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Welcome to the third blog of my journey “Back to school-The water shot”.  This session sees me on a spring fed complex of ponds where the resident wild carp are not an easy quarry and many local anglers can have many blank days before they land a fish here. At the request of the owner I cannot share the location of this fishery but Beechwood Baits have talked their way onto this complex for all the right reasons.  These fish are up to 20 years old and maybe older and know each pond and snags inside out. The fish go to 19lb and there is also a rogue Ghost carp which was  banked once in 2016 but often seen cruising, much to the frustration of the local anglers. So you get the picture, again I have chosen a tough venue to tackle but i believe the rewards for effort are worth my time and, lets face it, who doesn’t want to catch a 15-year-old Northern 10lb+ common or mirror?

For a novice carp angler I really am making it difficult for myself, and to set the scene for you, on this session the water in Gin clear, it’s absolutely throwing it down and i have no clue where to start. I  have no insights because the owner doesn’t fish, and my only visit for a wander, no anglers were fishing. With that said I had this crazy idea to map the place out for myself, naming all 6 ponds and naming some key pegs within each pond, this way I begin to build up a real healthy rapport with this water and strangely it makes me feel closer and more personal to the fish. Stupid right! ha ha

My biggest learn from  Blakemere Fishery on my last outing is that on a tough water where you have limited insights,  you cannot serve two masters, its course tackle or Carp tackle ….. so i am armed with just 2 carp rods, Beechwood baits and a trusty pint of maggots.

 

The Excelsor Pop Ups,  The Excelsor hard hookers and a Fox PVA bag contraption.

It was on this trip that i wanted to try solid bags for the first time and after some great chats with Gav Astley who put me onto his own solid bag blog Liquid PVA bags  which is very much worth a read if you fancy having a go, and also a Fox PVA bag maker,  that was  another school lesson ticked off my ever-growing list of tactics and methods to try, all aimed at helping me achieve my goal. Add to that the approach I took which was so very different to what I am used to. I arrived at this location at 8am, I didn’t go back to the car to get my gear until 9.45am and this was a massive change for me. I walked this complex several times and looked for signs of  fish, likely snag pegs with sunken trees or overhanging bushes, reeds moving, noted which way the wind was blowing, calm spots and  places that get a ripple, what pond gets the sun first, what the ducks were doing, you name it I noticed it.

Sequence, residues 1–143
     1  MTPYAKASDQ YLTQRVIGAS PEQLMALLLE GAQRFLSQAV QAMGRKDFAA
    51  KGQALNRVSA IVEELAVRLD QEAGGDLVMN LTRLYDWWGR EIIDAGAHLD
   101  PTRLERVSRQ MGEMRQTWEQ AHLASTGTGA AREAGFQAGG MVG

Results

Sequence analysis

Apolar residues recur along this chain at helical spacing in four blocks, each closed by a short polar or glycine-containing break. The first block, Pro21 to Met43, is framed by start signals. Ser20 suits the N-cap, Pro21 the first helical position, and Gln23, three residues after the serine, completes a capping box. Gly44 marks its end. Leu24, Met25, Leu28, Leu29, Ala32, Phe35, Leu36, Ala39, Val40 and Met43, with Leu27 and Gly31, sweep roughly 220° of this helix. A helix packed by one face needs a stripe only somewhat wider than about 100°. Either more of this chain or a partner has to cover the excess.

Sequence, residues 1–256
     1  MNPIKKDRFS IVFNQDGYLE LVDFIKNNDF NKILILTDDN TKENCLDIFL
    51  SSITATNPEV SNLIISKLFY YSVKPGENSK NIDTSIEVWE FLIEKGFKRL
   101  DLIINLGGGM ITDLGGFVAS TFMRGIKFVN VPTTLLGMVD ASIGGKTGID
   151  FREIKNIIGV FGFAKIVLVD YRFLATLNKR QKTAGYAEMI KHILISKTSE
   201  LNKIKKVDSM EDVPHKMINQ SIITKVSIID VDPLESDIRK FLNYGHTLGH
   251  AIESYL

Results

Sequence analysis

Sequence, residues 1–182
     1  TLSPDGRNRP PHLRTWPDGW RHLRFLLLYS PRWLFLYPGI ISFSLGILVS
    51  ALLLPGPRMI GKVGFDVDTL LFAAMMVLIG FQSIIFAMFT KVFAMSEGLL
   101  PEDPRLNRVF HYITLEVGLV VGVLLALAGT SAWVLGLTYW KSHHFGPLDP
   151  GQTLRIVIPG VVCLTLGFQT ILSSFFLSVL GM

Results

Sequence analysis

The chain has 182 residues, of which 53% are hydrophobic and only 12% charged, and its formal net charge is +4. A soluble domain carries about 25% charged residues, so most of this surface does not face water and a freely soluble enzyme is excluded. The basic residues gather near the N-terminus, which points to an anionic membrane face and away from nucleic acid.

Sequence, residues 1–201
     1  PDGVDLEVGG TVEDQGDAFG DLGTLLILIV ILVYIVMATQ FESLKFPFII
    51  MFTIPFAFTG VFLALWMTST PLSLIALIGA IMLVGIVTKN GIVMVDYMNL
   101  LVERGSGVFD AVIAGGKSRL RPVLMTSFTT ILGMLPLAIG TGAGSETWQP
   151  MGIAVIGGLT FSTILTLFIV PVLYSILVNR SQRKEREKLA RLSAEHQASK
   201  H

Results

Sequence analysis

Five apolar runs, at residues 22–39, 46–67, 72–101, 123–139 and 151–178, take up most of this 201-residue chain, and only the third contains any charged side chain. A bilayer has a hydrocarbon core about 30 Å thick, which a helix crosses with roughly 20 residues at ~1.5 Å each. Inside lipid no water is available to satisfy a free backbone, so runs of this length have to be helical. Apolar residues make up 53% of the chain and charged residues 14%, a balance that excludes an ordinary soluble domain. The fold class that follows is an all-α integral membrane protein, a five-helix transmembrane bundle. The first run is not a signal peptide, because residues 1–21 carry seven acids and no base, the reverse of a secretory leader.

The three pools i fished  in this session I have named from left to right : 1- Robin 2- Two trees 3- sunshine for my own reasons that are not too difficult to work out. Having had a chat with a local angler who popped down for a walk, it was pleasing to know that in these three pools I picked the right places to fish! That was a real motivator for me and absolutely lifted my spirits on a damp dull and cold day, but more of that meeting later.

OK now to address solid bags, a method designed to fish for a bit , instant attraction that a passing fish can’t resist, and not a lot of feed in the bag except maybe your hookbait. The debate goes on around bait in or out of the bag, and having chatted to loads of carp anglers (how lucky am I) I get the feeling it’s simply personal preference, and both methods catch. So in my mind in or out, why not try both, which I did! having watched videos on solid bags and a how to guide for the fox PVA system, it occurred to me that on this particular venue where I didn’t have to cast on a single peg I fished, it was a simple drop in and walk the rod back to the pod, there was really no need to be so fussy as to stick the corners down because it was not being cast any distance, I didn’t need to be as streamline as possible because the most i was doing was a gentle underarm  lob. Made sense to me. In the bag I used  The Mussleberry stick mix a few maggots and Hemp oil. On the hook I had a pop up on 1 rod and a hard hooker on the second rod. Making the bag with the Fox system was easy enough and towards the end of the day I had massively improved the end result taking into account the quantities and process.